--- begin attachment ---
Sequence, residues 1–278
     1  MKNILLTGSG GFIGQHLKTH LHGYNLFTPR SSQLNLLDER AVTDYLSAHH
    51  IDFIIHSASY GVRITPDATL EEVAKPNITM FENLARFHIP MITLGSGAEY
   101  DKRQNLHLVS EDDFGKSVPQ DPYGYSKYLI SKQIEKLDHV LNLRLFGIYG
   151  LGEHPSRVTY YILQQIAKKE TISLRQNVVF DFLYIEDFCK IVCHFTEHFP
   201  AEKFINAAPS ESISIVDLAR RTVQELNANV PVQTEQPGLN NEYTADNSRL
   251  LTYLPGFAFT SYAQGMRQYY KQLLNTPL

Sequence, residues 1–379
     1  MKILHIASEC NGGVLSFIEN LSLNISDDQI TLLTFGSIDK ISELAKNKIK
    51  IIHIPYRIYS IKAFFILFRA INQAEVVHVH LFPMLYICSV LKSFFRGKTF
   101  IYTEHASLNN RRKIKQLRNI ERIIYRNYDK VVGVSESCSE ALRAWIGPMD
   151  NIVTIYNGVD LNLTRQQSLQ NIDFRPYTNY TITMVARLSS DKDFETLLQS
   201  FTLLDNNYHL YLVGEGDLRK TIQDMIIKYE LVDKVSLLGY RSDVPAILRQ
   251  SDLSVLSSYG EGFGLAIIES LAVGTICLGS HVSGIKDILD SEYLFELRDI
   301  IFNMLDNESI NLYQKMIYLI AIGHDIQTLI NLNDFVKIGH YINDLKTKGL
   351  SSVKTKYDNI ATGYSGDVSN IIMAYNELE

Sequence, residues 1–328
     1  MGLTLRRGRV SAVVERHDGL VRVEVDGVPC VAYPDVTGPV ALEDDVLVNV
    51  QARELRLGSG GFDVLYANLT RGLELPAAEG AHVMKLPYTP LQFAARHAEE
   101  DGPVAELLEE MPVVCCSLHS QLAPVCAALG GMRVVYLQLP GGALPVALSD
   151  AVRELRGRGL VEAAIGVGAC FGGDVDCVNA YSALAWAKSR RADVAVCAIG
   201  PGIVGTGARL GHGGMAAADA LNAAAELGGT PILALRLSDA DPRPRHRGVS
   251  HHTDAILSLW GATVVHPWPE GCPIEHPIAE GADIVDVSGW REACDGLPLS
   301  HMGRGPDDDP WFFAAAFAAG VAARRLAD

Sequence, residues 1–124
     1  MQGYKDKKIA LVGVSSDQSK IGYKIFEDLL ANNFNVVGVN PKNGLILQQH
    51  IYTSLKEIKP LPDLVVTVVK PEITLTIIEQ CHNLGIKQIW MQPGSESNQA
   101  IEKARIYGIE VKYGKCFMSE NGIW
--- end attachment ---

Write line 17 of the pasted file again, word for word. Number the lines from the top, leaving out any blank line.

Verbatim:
Sequence, residues 1–328